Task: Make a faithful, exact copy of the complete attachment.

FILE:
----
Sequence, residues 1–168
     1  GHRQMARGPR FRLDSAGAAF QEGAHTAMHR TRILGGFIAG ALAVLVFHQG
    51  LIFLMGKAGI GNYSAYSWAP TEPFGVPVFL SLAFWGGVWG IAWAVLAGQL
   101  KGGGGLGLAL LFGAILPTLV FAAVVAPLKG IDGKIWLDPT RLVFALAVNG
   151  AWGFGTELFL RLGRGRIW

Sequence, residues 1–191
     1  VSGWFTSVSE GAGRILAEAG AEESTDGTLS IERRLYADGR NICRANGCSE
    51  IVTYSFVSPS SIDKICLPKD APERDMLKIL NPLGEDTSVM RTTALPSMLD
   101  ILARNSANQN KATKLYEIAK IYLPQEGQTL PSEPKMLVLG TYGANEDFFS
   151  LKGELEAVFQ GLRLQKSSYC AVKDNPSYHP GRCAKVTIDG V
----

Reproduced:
Sequence, residues 1–168
     1  GHRQMARGPR FRLDSAGAAF QEGAHTAMHR TRILGGFIAG ALAVLVFHQG
    51  LIFLMGKAGI GNYSAYSWAP TEPFGVPVFL SLAFWGGVWG IAWAVLAGQL
   101  KGGGGLGLAL LFGAILPTLV FAAVVAPLKG IDGKIWLDPT RLVFALAVNG
   151  AWGFGTELFL RLGRGRIW

Sequence, residues 1–191
     1  VSGWFTSVSE GAGRILAEAG AEESTDGTLS IERRLYADGR NICRANGCSE
    51  IVTYSFVSPS SIDKICLPKD APERDMLKIL NPLGEDTSVM RTTALPSMLD
   101  ILARNSANQN KATKLYEIAK IYLPQEGQTL PSEPKMLVLG TYGANEDFFS
   151  LKGELEAVFQ GLRLQKSSYC AVKDNPSYHP GRCAKVTIDG V